Friday, September 26, 2008

The Other Half

So some folks (his brother Glenn) wanted to see what Paul is currently up to, so I am giving him a post all his own. (There he is in the orange shirt)


So this is NASA's P3B airplane.

Paul is part of a team working on a project that (very basically) is reading radio waves to determine soil moisture.

Here's Paul's snazzy explanation:
We have built an instrument that is to remotely determine moisture in the soil. It is made up of an antenna system and sensitive radio receiver devices. By looking at the ground, we will see natural radio frequency radiation emitted from the earth from which we can infer the amount of moisture content in the soil. In the pictures you see the antenna housing being mounted into the forward payload bay of NASA's P3B research aircraft. The antenna box is 42 x 42 inches square, weighs 127 pounds, and houses 81 individual antennas whose signals are properly combined to provide the radio signal.

This is what the antenna actually looks like - Paul would like me to point out the neatly arranged spaghetti from the back.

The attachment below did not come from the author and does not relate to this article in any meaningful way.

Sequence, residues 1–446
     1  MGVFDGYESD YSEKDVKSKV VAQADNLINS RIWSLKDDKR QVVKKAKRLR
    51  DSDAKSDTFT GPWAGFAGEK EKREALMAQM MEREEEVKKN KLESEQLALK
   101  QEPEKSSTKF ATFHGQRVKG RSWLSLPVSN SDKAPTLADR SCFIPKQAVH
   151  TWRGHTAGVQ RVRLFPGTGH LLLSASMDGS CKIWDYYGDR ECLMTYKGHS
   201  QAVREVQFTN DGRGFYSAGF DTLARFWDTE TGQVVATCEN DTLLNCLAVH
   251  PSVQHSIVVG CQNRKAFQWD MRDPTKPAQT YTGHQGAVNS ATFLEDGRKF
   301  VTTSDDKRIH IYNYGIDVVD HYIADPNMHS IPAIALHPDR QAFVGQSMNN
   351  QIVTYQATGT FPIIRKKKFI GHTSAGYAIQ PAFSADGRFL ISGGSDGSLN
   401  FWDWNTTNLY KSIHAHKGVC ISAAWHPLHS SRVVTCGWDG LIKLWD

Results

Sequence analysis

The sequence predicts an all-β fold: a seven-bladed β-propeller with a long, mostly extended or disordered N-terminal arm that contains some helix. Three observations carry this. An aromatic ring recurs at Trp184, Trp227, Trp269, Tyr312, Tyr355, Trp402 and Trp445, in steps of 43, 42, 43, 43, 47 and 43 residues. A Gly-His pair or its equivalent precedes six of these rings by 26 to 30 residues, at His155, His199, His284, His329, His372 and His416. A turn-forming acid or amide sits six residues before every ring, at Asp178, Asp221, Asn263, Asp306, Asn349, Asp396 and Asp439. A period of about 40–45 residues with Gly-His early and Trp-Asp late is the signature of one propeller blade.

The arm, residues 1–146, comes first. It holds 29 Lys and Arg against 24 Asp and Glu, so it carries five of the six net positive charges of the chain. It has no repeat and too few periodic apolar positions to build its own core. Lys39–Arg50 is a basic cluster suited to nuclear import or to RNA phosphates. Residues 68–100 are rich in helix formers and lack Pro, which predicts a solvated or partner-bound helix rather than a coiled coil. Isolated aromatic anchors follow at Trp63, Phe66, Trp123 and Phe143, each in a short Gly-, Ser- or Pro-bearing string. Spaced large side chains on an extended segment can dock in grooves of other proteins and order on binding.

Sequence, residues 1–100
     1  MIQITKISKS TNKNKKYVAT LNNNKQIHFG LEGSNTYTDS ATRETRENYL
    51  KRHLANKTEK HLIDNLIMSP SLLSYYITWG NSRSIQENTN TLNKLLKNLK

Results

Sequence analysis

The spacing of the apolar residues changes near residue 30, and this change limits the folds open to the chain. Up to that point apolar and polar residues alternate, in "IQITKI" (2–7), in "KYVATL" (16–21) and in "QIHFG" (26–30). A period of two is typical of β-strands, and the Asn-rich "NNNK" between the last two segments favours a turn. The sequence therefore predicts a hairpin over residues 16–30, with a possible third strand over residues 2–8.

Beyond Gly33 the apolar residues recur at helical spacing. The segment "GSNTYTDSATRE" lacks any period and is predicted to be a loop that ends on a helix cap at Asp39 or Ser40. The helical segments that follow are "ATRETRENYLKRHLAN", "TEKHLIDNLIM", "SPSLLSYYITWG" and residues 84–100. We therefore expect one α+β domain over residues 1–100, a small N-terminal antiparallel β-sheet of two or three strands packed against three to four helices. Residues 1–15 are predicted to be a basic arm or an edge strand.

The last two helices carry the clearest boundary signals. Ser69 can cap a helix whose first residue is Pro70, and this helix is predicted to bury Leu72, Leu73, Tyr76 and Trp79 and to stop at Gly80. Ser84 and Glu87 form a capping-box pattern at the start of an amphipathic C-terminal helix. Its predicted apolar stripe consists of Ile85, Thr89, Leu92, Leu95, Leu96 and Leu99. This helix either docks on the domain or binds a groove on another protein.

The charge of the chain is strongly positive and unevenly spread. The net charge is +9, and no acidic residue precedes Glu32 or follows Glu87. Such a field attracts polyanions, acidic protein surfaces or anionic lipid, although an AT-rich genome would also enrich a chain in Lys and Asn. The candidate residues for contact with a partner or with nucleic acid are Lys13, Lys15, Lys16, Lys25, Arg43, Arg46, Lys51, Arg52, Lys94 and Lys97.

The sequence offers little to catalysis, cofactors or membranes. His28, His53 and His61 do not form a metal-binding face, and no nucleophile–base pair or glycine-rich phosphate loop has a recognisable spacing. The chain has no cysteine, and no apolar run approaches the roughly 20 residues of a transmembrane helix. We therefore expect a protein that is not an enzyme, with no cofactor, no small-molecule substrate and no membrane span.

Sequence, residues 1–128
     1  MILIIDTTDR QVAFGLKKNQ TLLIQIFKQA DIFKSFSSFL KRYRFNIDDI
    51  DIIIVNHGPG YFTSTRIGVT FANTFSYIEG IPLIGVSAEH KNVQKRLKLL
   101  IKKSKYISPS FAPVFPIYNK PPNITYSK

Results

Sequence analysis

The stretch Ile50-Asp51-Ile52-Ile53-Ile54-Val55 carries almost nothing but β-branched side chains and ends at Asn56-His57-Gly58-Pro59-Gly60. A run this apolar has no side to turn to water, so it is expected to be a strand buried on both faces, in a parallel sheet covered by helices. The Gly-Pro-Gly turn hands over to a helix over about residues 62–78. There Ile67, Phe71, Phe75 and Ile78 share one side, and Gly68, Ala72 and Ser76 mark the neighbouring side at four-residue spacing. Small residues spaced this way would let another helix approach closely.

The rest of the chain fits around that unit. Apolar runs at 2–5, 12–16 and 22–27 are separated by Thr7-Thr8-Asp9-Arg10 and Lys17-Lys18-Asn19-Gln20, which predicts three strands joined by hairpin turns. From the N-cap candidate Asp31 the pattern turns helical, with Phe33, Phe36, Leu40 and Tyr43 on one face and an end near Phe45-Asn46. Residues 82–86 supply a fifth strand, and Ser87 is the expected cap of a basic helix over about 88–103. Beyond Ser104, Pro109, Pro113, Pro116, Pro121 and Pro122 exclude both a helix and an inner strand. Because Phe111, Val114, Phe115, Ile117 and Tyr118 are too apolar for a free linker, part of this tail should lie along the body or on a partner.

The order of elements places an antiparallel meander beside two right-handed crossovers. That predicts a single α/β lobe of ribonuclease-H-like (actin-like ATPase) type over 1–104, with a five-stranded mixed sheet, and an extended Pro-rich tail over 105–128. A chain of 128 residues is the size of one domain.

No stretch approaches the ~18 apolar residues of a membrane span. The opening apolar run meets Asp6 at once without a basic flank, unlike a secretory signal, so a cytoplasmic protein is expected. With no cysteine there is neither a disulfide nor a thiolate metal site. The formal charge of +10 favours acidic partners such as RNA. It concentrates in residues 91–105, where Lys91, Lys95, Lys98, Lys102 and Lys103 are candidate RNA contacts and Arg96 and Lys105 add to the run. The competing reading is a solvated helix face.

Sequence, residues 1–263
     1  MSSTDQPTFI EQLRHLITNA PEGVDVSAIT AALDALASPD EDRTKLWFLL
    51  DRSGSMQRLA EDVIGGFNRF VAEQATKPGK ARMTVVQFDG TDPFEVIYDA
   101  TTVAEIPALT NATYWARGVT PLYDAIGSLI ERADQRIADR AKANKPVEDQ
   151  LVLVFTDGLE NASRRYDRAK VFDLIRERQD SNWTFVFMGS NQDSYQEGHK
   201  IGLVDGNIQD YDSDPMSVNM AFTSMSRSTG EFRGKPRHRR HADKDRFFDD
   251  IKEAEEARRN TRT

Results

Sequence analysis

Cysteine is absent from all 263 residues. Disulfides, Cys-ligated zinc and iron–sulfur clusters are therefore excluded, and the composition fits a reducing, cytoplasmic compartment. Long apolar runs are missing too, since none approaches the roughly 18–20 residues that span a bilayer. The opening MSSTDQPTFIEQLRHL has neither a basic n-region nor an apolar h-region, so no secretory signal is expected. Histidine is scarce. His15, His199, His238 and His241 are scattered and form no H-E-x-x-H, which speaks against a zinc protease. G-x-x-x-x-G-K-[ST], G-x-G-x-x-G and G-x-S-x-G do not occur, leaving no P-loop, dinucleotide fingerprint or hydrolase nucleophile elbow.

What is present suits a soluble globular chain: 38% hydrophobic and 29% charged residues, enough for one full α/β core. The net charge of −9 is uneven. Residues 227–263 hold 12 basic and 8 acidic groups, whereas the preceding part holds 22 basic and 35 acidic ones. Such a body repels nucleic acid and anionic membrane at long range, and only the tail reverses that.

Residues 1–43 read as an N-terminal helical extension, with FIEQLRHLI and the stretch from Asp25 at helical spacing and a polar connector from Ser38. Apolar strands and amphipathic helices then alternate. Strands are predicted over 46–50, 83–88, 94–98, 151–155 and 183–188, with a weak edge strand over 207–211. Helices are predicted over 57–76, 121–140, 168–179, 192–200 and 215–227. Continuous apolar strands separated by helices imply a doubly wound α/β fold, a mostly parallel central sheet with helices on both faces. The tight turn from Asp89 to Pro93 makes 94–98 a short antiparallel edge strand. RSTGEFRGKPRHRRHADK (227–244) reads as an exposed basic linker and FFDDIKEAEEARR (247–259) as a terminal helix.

Paul again:
This is our partially populated rack and where we will be sitting on the plane. Neither are bolted in place yet. There will be another two seats behind these for our people as well. The plane will have 24 seats on it; more than necessary and will have about 5 equipment racks.


Paul:
Uploading of our antenna into the forward payload bay.


Paul:
Chip and Karthik at the instrument rack in the aircraft doing instrumentation checkout after we got it all cabled and powered.


And last but not least I asked Paul to take a few artsy shots for me, so here's my fav.

2 Comments:

At 6:10 PM, Anonymous Anonymous said...

Thanks Sabrina & Paul, We forgot the model number for the plane I googled a few and never seemed to find it. Just as long as they don't rename the plane Vomit Comet 2
Glenn

 
At 7:31 AM, Anonymous Paul said...

Second flight was the "Vomit Comet 2" several of us got sick. Somehow, my motion sickness patch came off overnight. Parts of the flight crew also felt it.

 

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